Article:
# Is log(n) equivalent to (log(n))^x for big-O analysis?

My professor noted that we could treat any logarithmic function with an exponent as equivalent to log(n) for the purposes of big-O analysis.

ie. $$(n log(n) + 1)^2 + (log(n) + 1)(n^2 + 1)$$

From the left I would get $$(n^2)(log(n))^2$$ and from the right I would get $$(n^2)log(n)$$. According to my professor I can just say this function is $$O(n^2log(n))$$. However, I don't see how these functions grow in the same order. Looking at their graphs it would seem they are quite different.

$$f(n)$$ is not $$O(n^2\log n)$$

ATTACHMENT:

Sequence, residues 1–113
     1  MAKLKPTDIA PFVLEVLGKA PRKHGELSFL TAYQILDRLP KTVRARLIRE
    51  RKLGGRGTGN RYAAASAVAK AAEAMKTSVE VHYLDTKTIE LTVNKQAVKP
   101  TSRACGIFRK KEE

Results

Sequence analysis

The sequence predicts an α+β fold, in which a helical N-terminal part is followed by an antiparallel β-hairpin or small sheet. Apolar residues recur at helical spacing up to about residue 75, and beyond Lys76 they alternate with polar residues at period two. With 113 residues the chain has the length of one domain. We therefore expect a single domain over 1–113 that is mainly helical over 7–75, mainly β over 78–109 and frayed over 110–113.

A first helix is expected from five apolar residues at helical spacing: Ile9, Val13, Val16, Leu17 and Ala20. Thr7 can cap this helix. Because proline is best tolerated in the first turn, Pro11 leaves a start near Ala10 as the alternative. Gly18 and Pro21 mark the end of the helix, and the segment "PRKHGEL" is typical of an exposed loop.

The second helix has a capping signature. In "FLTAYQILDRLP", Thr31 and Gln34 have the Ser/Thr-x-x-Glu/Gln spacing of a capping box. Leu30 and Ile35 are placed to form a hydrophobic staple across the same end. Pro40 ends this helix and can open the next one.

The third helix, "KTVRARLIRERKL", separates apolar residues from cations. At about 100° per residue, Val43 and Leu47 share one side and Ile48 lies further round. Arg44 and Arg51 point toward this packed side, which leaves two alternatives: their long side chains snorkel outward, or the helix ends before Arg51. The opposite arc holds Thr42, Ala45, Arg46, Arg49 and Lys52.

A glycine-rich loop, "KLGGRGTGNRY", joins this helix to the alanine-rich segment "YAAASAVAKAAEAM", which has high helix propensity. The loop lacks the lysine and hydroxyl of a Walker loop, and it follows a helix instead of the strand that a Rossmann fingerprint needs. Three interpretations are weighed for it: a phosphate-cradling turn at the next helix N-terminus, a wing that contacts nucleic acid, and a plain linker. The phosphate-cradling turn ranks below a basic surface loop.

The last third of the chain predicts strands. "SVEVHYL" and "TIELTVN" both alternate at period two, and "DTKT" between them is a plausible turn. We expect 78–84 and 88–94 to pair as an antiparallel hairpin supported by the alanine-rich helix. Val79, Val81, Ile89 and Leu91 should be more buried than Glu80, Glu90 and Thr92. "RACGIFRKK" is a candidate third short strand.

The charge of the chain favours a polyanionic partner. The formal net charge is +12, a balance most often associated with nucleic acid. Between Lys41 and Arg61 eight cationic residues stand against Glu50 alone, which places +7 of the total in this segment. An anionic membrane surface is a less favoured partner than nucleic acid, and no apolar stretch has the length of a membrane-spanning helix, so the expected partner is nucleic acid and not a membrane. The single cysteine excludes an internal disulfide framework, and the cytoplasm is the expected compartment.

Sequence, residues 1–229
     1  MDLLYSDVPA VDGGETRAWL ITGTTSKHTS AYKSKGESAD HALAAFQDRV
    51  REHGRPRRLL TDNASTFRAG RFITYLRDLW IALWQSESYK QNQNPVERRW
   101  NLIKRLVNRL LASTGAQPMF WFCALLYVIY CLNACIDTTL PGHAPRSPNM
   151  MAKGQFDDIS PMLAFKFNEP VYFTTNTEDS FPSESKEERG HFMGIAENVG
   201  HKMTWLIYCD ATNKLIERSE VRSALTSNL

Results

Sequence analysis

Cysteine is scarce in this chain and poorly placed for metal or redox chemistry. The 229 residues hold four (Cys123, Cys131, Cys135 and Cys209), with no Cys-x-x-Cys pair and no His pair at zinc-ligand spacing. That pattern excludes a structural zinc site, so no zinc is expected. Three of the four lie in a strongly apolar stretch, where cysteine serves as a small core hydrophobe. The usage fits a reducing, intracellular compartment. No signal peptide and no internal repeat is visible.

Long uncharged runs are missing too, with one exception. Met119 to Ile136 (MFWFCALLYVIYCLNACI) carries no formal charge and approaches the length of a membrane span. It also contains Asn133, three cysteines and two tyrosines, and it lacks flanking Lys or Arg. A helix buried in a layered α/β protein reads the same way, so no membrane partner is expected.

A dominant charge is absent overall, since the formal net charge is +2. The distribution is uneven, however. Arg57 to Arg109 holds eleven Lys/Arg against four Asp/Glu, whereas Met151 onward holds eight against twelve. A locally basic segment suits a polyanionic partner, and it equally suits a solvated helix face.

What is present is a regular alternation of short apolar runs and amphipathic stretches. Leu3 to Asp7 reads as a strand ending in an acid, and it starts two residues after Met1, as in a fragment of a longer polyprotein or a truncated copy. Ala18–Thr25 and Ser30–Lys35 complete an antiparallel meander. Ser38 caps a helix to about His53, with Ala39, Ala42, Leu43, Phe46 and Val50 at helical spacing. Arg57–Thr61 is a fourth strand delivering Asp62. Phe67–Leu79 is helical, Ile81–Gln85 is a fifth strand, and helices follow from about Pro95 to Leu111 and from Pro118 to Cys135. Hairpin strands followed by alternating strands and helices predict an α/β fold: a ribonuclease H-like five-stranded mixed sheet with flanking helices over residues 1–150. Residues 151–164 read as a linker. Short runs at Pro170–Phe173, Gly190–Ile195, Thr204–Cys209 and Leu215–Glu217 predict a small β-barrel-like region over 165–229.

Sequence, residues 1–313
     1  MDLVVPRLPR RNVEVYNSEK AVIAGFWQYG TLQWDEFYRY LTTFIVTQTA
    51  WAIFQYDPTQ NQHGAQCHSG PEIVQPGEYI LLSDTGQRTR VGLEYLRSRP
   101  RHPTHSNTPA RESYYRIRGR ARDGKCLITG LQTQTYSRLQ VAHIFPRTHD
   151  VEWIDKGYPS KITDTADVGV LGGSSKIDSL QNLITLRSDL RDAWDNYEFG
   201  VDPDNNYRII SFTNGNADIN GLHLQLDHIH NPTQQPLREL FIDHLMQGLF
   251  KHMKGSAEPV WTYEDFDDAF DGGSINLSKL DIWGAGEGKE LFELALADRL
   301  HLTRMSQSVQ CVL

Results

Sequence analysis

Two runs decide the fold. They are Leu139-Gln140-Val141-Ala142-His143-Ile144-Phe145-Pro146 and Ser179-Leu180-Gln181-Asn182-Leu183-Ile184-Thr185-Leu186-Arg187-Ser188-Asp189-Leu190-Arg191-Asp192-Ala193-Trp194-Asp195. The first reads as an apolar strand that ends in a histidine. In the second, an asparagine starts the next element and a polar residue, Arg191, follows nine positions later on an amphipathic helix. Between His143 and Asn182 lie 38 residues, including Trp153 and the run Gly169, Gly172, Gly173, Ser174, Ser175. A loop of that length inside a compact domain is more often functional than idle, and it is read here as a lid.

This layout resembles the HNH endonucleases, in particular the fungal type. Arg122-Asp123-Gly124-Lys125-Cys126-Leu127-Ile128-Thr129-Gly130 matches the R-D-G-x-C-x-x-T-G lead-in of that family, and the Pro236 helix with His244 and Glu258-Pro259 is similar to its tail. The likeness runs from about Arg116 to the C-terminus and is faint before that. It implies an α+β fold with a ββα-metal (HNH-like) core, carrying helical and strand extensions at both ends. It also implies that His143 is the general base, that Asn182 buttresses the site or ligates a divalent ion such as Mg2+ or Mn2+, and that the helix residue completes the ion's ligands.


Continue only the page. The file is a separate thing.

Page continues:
If we denote $$f(n) = (n\log n+1)^2+(log n+1)(n^2+1)$$ then: $$f(n) = n^2 \log^2n + 2n\log n + 1 + n^2\log n + n^2 + \log n + 1 \geq n^2log^2n$$
since all the other terms are obviously greater than 0. Therefore by definition $$f(n) = \Omega (n^2log^2n)$$. Which strictly means it cannot be bounded from above by anything asymptotically greater.
Note that it also holds that $$f(n) \leq 10n^2log^2n$$, so $$f(n) = O(n^2log^2n)$$ and also $$\Theta$$ of the same.